Although working women are piling up educational credentials and experience, in far too many organizations they are still butting up against a glass ceiling. These invisible barriers to upward mobility can come in various forms: lack of mentoring of women, gender stereotyping, and views that men make more effective leaders. In the U.S., women holding …
This lecture is a discussion of the gender pay gap in industrialized countries. It covers topics including key determinants such as wage structure, as well as trends, and public policy implications of wage inequalities between men and women.
This paper explores the adequacy of several theories advanced to account for the sexual division of labour – neoclassical, dual labour market, marxist feminist, and technologically determined – by comparing the historical processes by which the gender segregation developed in the hosiery and knit goods industry in Canada and Britain in the period 1890 to 1950. It argues that the sexual division of labor is formed within the shifting mutuality and antipathy of gender relations and the relations of production so that theories of sexual segregation must integrate rather than isolate class and gender based processes.
The long debated issue of gender bias in job evaluation systems has become even more important with the advent of pay equity legislation in Ontario. This statute requires the use of a gender-neutral job comparison system to identify and rectify wage discrimination in female-dominated jobs. Unfortunately, this legislation provides very little guidance as to what is meant by a gender-neutral job comparison system. This paper identifies the ingredients of a gender-neutral comparison system.
This paper was presented at the annual meeting of the Canadian Industrial Relations Association, held at Queen's University, Kingston, Ontario on June 2-4, 1991. The purpose of this paper to explore the determinants of union beliefs and attitudes of workers in Canada, and to examine if attitudes towards unions differ systematically by gender, that is, whether men and women differ in their union beliefs and their disposition towards joining a union.
The purpose of this paper is to examine the bargaining agenda of selected major Canadian unions on women's issues and the effectiveness of their efforts towards incorporating these issues into their collective agreements. The first section highlights the union agenda and the common provisions the unions have been pursuing at the collective bargaining table. The second section analyzes the frequency of the collective agreement clauses on women's issues overall and of selected unions.
The purpose of this report is to determine whether women are increasingly being involved in the decision-making process of Canadian unions. The scope of review of this report is restricted to public sector unions and one private sector union in the province of Ontario. A combination of methods were utilized in completing this study, including an overview of existing research, a review of statistical data, and an analysis of policy statements, convention resolutions and general union literature.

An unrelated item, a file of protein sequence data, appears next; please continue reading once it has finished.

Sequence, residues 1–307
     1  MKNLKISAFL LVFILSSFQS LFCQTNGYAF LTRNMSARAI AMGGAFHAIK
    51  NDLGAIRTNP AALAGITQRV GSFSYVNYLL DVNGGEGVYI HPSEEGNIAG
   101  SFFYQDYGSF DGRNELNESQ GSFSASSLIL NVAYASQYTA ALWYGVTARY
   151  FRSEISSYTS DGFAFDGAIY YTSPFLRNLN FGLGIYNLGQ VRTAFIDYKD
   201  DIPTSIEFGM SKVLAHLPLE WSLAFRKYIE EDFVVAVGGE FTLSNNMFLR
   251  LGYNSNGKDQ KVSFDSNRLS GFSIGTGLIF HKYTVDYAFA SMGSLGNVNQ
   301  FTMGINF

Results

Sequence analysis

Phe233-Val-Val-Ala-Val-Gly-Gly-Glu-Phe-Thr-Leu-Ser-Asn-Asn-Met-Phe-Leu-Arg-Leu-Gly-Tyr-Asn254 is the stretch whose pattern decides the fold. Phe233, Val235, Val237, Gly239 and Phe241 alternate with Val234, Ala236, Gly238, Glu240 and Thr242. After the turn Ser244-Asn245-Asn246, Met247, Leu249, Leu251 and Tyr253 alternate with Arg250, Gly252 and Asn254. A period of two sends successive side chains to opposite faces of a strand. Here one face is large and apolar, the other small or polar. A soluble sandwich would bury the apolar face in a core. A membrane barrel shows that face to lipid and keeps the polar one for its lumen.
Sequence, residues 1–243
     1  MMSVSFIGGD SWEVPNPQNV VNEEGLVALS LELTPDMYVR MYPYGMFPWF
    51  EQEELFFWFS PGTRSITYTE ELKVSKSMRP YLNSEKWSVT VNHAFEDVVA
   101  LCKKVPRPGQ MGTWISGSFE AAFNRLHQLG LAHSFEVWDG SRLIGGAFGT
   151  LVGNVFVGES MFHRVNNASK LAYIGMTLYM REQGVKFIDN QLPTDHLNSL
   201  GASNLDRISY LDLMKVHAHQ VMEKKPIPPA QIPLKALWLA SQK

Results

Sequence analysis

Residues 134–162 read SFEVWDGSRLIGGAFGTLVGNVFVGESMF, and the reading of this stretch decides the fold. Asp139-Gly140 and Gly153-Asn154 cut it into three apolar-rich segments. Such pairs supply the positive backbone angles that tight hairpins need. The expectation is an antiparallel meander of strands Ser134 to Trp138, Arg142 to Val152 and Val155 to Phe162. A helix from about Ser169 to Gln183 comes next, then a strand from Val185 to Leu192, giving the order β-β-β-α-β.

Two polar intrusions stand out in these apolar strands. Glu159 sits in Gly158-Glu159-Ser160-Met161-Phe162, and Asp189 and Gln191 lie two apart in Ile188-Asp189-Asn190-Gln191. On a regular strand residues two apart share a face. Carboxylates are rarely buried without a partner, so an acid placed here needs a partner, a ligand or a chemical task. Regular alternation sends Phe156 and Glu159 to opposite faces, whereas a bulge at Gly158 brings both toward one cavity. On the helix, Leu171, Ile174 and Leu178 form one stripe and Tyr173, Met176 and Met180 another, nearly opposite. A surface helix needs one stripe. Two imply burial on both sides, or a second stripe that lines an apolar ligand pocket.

The purpose of this paper is to evaluate issues in the implementation of pay equity, based on the experience of Ontario. The Ontario Act is considered as having the broadest scope of coverage of pay equity legislation, not only in Canada but in North America. This paper compares the Pay Equity Act of Ontario to other pieces of Canadian equal pay for work of equal value legislation, exploring the similarities and dissimilarities, highlighting the unique features and discussing the implications of various provisions.
Research on the male-female wage differential in Canada has produced evidence of a substantial link between occupational segregation and low female earnings. Because most Canadian labour jurisdictions have enacted equal pay for equal work legislation, this component of the wage gap is unaffected. Consequently, programs which attempt to desegregate occupations and/or resolve pay inequities arising from occupational segregation are being debated.
This paper pursues the questionable effects of seniority systems by examining; the remedial powers at the disposal of each legal forum available to an employee to pursue a discrimination claim, the relevant Canadian jurisprudence on discrimination, and the American experience with discrimination claims based on seniority. This paper concludes with a proposal detailing an outline of an affirmative action plan tailored to fit the Canadian situation as it is exposed by the previous sections of the paper.
The aim of this paper is to provide a general overview of dual-earner families in Canada. This paper is primarily a survey paper which provides an analysis of the existing literature and data on this topic. Unfortunately, little research has been done in Canada on dual-earner families specifically. However, much research has been undertaken with respect to the labour force behaviour of married women.
The purpose of this paper is to study the key determinants of the union status of workers in Canada and to evaluate the relative significance of labour market segmentation by gender, in explaining the lower incidence of unionization among Canadian women. Using a unique micro data set, this study assesses the respective roles of demographic/human capital factors and the industry-occupation of employment in explaining gender differences in union membership in Canada.